“Not one IBS case is alike…” I have heard that phrase from my doctors countless times. Professionals are not wrong when they say it though. Since becoming involved in the IBS community, I have not come across one person with the exact same physical symptoms and food sensitivities as me, or the next person. In this case, explaining your IBS to the people around you can be difficult. Some people may have other ideas in mind when it comes to IBS, based on their encounters with others who have IBS. Knowing these tips, sharing what is “wrong with you”, to others may be a little less troublesome.
1: Who should you tell that you have IBS?
Other than your doctors, not everyone in your life needs to know about your IBS, if you like. Your health is a private topic and you can choose who you can be open to. People you should consider telling that you have IBS are close family/friends, spouse/significant other, and your employer. The people you tell should be open minded and trustful people. Do not share your health if you feel like the person may use it against you. Yes, society likes to “shame” or have IBS be a “taboo topic” which makes building a support system not a walk in the park. Most people, in general, are more likely to be understanding if you have to leave work/school early or if you have to cancel lunch plans if they are aware of your health.
2: When is the right time to discuss it?
Some may think never there is the right time to explain one’s IBS. Planning a “perfect time” should be in a calm and open-minded environment. Again, it is a touchy topic, talking about your IBS is not ideal on a first date or at a professional work function with your colleagues. When I share with someone my IBS, I keep it one on one. This may entail, face to face conversations or sending a text if this feels more comfortable at the time.
3: How to explain it (be prepared to be vulnerable)
Your health should not be taken lightly. IBS, in any form, are not simply stomach aches. IBS symptoms can range depending on the person and severity. When attempting to explain your IBS to another, use the full name. If you use the acronyms, they might not know what it is. Tell the person how it affects your daily life and the symptoms you have. Example: I have irritable bowel syndrome or otherwise called, IBS. It disturbs my daily life. I tend to have painful stomach, fatigue, moderate to severe constipation/diarrhea, dizziness, and nausea. It is a real chronic disease and there is no one cure for it. I manage my symptoms as best as I can and try to live positively.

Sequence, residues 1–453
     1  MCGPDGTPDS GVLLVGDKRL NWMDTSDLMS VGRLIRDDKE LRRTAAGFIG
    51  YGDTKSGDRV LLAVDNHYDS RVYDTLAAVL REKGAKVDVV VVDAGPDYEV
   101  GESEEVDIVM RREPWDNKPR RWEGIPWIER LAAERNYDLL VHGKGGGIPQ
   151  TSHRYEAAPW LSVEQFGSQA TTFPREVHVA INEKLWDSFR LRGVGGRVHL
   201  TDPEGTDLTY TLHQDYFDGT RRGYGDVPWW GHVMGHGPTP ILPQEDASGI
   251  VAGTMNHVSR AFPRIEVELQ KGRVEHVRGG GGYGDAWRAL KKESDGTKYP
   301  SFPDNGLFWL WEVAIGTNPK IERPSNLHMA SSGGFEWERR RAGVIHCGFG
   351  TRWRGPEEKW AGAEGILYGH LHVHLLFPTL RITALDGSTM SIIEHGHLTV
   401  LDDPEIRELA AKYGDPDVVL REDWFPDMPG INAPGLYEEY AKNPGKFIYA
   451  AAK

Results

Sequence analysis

4: What to say when faced with criticism
In a perfect world, everyone would be understanding of everyone ’s health issues. Unfortunately, that is not the case. When trying to explain your IBS to others who may not understand it yet, they can come off insensitive. Most people are trying to help and others might say “it is all in your head” or “IBS is not that bad.” If you come across a remark like this say “I know my body the best but I appreciate your input.” In my experience, this may avoid heated debates about your own health.
In time, talking about your IBS to others won’t seem like such a hassle. Surrounding yourself with supportive people such as beloved family and friend or support groups will make the quality of life better in your IBS journey. You are unique, and whatever type of IBS you are struggling with, it does not define you. Do not let stigmas or negative thoughts ruin your headspace and try to keep your head high.
Six Tips on How to Deal With Chronic Pain at School or Work
Disclaimer: Everyone is made beautifully different and every situation is unique. These are tips I have learned in my own life. Hopefully, by reading the following, you or a friend can benefit insight on how to deal with chronic pain at school or in the workplace.
*Since I have experienced mostly only GI chronic pain, some of these tips may only relate to those with gastro issues. But I have noticed a lot of coping/management skills are similar to other types of chronic pain/disorder*